Immigration seen as a threat by many Greeks

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Survey results published on Tuesday by the Greek National Centre for Social Research (EKKE) reveal the majority of Greeks surveyed view migrants as an economic, social and cultural threat.

The revealing data shows about 65% of those interviewed said that migrants were bad for Greece's economy, 59% consider that migrants are taking their jobs and 59% that migrants' use of health and welfare services is greater than their contribution in terms of taxes.

Greeks also said cultural homogeneity is very important to them with 63% suggesting that Greece was a "worse place to live" as a result of migrants with 57% saying that Greece's cultural life has deteriorated because of them, rather than becoming enriched.

One third said the government must not be too generous in granting refugee status to applicants and 44.4% believe the government treats the migrants that arrived in Greece during the latest migration wave better than the local population, to a lesser or greater extent, while 29.2% say its treatment of migrants and locals is the same and 26.5% see it as much or a little bit worse.

"We expected to have these results, chiefly because of the economic crisis, since from research and the bibliography it has been shown that when you have an economic crisis, unemployment and low wages this causes certain reflexes, which result in an increase of bad feelings against migrants," said EKKE researcher Angelos Tramountanis.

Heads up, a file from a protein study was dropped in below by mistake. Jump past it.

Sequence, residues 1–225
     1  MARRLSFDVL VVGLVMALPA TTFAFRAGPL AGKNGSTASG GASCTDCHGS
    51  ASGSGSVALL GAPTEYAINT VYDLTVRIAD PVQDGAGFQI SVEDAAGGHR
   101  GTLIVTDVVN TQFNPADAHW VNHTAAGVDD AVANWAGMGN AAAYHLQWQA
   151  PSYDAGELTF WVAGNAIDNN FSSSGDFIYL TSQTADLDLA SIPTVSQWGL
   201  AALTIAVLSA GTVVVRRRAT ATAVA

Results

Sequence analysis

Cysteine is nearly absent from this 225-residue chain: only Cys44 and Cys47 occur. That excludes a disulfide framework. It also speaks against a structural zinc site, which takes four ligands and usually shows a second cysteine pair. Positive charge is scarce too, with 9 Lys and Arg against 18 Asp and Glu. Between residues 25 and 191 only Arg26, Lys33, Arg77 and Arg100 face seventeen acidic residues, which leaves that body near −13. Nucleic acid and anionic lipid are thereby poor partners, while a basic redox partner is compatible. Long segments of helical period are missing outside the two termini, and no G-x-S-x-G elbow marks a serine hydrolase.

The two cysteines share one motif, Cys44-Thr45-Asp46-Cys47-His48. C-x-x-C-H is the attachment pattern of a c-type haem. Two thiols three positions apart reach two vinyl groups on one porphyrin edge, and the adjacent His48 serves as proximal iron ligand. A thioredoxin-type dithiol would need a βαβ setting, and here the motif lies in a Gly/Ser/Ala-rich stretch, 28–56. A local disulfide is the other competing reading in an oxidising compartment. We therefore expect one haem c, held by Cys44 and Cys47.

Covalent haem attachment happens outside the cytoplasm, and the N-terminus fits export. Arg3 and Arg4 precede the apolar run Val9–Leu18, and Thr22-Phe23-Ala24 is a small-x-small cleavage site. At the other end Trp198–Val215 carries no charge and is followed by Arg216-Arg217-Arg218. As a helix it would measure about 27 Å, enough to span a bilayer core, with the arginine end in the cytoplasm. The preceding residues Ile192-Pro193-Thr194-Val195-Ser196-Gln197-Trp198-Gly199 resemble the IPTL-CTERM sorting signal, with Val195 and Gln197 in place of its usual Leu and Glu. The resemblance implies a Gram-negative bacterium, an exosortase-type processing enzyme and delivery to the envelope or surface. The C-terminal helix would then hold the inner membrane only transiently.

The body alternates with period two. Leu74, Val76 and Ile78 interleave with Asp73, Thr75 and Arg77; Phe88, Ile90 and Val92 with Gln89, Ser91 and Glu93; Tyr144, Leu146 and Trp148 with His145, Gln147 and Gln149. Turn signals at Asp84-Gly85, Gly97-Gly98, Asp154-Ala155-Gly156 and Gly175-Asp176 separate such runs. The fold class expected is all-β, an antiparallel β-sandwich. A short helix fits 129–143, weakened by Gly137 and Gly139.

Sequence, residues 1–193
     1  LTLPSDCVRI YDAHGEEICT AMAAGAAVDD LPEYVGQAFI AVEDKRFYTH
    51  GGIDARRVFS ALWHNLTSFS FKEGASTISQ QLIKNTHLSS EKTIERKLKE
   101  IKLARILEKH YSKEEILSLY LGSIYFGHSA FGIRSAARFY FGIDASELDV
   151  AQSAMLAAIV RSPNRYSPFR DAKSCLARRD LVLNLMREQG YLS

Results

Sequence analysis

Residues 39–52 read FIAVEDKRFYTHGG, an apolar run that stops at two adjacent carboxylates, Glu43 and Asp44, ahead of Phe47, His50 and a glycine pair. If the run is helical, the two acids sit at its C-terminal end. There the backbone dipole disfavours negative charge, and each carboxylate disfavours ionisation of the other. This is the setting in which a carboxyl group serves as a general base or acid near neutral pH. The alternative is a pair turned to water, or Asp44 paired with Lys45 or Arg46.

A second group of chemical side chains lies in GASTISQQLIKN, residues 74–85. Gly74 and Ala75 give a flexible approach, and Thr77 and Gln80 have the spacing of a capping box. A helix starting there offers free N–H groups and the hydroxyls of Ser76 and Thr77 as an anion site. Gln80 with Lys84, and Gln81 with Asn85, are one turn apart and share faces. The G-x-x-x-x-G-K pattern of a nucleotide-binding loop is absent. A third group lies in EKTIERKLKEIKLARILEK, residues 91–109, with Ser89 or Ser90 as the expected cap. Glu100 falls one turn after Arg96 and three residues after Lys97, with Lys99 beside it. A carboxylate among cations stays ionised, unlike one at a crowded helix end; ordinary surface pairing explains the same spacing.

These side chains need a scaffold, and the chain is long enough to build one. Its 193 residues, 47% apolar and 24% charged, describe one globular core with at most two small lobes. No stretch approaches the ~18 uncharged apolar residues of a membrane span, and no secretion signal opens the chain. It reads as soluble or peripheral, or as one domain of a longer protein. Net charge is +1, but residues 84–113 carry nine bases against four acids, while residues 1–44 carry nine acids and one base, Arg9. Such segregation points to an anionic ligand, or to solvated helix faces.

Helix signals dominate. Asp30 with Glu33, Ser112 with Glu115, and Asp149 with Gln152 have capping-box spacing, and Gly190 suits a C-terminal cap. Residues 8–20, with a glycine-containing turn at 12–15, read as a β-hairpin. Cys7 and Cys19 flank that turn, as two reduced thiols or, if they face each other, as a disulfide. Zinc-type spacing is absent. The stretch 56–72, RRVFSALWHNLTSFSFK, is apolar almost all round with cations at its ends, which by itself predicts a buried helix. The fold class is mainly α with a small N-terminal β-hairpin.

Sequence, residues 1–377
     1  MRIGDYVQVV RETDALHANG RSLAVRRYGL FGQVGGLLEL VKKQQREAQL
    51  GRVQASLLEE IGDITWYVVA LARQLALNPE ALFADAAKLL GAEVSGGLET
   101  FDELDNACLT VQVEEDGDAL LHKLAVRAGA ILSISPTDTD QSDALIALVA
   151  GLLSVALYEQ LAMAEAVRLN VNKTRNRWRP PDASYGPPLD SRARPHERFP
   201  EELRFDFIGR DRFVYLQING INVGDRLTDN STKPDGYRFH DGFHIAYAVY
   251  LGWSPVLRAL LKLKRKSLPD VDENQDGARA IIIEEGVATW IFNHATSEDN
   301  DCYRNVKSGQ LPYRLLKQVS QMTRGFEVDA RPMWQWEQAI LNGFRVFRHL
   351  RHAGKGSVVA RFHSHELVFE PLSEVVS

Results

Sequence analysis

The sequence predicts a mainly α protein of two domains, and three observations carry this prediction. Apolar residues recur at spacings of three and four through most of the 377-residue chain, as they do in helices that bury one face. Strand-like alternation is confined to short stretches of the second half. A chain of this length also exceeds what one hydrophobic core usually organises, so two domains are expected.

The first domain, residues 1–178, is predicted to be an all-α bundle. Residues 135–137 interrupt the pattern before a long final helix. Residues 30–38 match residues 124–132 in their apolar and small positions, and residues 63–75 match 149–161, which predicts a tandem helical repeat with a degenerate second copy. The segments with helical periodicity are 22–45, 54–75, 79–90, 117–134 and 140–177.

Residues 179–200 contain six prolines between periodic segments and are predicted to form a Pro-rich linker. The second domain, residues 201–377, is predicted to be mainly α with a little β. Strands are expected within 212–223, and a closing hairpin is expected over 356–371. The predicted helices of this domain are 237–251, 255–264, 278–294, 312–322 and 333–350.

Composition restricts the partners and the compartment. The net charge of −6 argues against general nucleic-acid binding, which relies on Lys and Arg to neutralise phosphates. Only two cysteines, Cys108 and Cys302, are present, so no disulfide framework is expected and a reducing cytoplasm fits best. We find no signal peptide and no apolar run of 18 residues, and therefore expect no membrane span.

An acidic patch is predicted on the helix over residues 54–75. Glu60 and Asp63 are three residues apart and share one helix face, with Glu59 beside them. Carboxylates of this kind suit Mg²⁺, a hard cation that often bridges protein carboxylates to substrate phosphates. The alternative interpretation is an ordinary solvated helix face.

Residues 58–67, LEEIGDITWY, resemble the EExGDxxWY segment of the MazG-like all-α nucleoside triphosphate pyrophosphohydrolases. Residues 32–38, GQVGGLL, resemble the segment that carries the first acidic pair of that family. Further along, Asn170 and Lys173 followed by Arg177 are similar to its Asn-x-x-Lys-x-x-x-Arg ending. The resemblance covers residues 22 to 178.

About 40% of respondents also viewed Muslims in a negative light suggesting Greece should not accept any Muslim migrants which mirrored the results of a pan-European survey by the British international think tank Chatham House last month, where 58% of Greeks said that migration from Muslim countries should stop.

The survey was conducted through interviews with 505 migrants and 827 Greeks aged 15 or above, living in major urban centres in Greece.

GCT Team

This article was researched and written by a GCT team member.